I wasn't trying to make out I was ignorant and I can't see how that conclusion could have been reached from what I posted. Clearly lack of sleep has made you tetchy and I'm sorry about your insomnia - I know that can be difficult.

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So you do not see it as a sacred site, your choice. It is a site that took generations, like Stonehenge, to build. What other use would there be for such an expenditure of labour?

I didn't say it wasn't a sacred site to those who constructed it but that we cannot be sure of its purpose and that the people to whom it may well have been a sacred site have long gone.

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You are entitled to poo-poo the idea that it is a sacred site, pagans do not.

I think you are confusing 'was' with 'is'.

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Modern pagans follow the old pagan ways as closely as we are able.

But we know nothing about what happened at Avebury so whatever modern Pagans try to do how has this any relevance to Avebury?

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The deities we follow are responsible for various aspects of life, nature, death - it did not matter whether the people were Celts, Norse, Egyptian, Greek, or Roman, each had its own pantheon.

I know that's what you believe but not sure what relevance it has to Avebury.

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Modern pagans, some, not all, Rhiannon, for instance follows an entirely different pagan path to my own, try to worship their deities in a manner that seems to fit the particular deity.

Fine.

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OK - I am the first to admit that we may well have got it entirely wrong in the way that we do things. The Christians left us SFA in the way of written records to follow, so we do our best.

There never were any written records regardng the original purpose of Avebury.

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We do not ask you to agree with what we do, we do not ask you to consider what we do to be "the right thing" - but it works for us! We do not ask for your (or anyone else's) support, all we ask is that you leave us to do our thing our way!

I have no problem with that.

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Regardless of the opinions of others, Stonehenge, Avebury and various other neolithic monuments, stone circles, henges, are held to be sacred sites by pagans.

They may have chosen to consider them as such but there is no basis to consider any actual link to the original builders and just because they consider the sites sacred doesn't give them any greater say or ownership of these sites than anyone else.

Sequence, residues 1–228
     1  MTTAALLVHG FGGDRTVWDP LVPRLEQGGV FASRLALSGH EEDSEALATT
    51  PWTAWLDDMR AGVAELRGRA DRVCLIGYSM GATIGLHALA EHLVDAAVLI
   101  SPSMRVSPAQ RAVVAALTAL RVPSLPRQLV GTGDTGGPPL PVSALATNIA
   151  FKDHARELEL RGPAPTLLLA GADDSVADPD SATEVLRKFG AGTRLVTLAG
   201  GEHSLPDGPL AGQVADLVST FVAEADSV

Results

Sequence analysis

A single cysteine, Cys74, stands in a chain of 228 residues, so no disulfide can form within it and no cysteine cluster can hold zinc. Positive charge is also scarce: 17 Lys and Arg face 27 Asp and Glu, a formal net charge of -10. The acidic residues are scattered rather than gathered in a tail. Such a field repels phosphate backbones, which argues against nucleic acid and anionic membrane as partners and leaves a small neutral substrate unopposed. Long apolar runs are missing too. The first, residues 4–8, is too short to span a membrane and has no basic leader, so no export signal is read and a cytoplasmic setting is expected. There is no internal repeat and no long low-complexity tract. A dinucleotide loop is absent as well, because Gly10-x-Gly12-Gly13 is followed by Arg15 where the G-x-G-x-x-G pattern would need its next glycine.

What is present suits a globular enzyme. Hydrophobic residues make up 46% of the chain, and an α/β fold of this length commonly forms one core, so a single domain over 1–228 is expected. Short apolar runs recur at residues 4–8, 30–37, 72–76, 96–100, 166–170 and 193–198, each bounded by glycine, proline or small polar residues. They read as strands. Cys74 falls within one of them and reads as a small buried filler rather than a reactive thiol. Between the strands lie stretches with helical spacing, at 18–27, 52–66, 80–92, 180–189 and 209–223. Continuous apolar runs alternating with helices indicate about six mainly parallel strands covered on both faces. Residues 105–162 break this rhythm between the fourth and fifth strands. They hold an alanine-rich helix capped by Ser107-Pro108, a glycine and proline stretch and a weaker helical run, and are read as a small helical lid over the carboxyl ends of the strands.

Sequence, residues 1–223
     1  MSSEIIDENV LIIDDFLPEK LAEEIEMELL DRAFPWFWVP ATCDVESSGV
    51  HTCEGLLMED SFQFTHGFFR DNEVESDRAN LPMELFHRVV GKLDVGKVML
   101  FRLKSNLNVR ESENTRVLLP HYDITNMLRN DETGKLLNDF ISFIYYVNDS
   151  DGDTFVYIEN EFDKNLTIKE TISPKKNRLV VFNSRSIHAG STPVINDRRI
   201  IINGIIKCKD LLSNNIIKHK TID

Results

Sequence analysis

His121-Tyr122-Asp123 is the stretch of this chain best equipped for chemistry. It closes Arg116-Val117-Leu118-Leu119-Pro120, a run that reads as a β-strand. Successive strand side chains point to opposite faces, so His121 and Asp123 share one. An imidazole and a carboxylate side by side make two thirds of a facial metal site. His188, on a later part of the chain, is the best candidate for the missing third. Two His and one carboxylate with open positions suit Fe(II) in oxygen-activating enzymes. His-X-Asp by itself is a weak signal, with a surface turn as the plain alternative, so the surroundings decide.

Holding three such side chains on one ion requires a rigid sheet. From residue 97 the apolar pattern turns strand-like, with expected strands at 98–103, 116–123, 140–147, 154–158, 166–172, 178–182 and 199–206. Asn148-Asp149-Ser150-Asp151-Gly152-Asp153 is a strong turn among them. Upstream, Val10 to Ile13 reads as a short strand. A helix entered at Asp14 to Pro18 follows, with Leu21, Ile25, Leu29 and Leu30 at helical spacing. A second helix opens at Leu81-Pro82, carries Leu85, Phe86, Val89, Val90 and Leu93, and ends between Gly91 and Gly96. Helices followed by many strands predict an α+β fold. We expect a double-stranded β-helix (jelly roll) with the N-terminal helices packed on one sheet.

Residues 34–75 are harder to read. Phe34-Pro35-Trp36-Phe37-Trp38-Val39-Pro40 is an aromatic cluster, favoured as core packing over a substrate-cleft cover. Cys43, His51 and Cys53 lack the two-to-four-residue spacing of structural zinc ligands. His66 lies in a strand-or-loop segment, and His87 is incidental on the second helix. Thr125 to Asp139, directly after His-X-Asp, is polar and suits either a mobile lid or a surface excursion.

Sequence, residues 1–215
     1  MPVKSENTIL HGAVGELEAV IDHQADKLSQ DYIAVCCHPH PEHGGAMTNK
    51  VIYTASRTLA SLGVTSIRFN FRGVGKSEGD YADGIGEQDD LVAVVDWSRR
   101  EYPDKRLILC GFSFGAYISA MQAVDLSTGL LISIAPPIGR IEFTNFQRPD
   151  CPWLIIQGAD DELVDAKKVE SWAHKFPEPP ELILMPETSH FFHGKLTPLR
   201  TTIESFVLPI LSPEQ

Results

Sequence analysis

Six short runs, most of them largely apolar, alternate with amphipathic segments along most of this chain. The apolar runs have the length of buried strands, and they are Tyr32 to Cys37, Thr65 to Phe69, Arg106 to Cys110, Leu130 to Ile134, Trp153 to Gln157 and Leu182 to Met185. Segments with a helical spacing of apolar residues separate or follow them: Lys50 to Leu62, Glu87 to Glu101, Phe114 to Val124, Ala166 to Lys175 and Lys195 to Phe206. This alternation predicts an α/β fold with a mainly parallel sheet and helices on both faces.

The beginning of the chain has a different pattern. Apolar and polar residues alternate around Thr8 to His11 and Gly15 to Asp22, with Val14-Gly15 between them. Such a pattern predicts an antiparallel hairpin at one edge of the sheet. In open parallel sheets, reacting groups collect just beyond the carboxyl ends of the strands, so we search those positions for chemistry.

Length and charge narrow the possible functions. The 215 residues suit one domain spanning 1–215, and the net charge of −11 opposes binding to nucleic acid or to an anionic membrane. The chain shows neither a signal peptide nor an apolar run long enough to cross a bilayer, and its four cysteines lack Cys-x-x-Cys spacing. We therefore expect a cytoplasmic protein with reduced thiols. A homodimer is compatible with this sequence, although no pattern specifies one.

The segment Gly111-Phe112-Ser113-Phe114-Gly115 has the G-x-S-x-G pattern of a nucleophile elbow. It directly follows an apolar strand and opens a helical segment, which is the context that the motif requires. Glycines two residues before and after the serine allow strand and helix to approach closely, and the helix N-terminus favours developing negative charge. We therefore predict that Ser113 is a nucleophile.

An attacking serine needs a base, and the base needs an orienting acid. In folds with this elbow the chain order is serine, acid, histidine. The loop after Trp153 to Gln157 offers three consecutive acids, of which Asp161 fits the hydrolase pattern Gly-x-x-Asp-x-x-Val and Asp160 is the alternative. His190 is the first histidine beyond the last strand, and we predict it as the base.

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Pagans do not, and will not, stop you visiting them, we just ask that you treat them with the same respect as Pagans would show visting Westminster Abbey.

They should be shown the same respect as any historic site or building. Just because modern pagans have chosen to consider them sacred, when there is no actual link between modern pagan practices and beliefs and those of the people who constructed the site, does not mean anyone else should do so.

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Have you ever heard of a bunch of drunken pagans entering a Christian church and pissing all over the altar? NO! So why should pagans tolerate drunken Christians and atheists pissing over the stones at Stonehenge and Avebury that pagans regard as just as sacred as the altar in St Pauls?

Nobody should behave like this anywhere. On one of my visits to Avebury I saw a group of young foreign visitors gathering around one of the larger stones and starting to climb it. I went over and told them to get down and to show more respect for an ancient historical site. They did so and apologised. people should show respect but not because a group considers the site sacred but because of its age, significance and just through common decency.

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I really and truly do not give a tuppeny f**k what you think Stonehenge and Avebury are or are not,

Hence your reply ...

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but until you can prove beyoind a shadow of a doubt that they are NOT what we think they are and treat them as such, we ask you show our sacred sites the same respect as you expect us to show to yours.

I don't have to prove anything. Pagans are perfectly entitled to consider Avebury sacred or anywhere else but since there is no reason to consider that this site has any connection to modern Pagans beyond there wish to be associated with it there is no reason for modern Pagans to be given any special rights to the site. I don't have any sacred sites if you are referring to sites associated with religious beliefs as I have no such beliefs but I respect all ancient sites and respect people's rights to hold their beliefs. Claims of special association to sites which cannot be supported by evidence shouldn't be given any great credence though in my view. Remember - you suggested that Avebury Chapel could be used to tell the 'real' history of Avebury and I asked what that was but you seem to have agreed that no one knows so was confused about what you meant and being someone who really likes Avebury I was interested to know what you meant. If you meant that it would show what modern pagans choose to believe about Avebury then that isn't the 'real' history now is it?

Whatever!

You go on thinking what you think, it will not change what modern pagans believe, it is like all religions a matter of faith!

And I do not, tectchy or not, sleepless or not, have to justify my beliefs to you or anyone else.
If there must be trouble let it be in my time that my children may have peace. Thomas Payne

An it harm none, do what you will; an it harm some do what you must!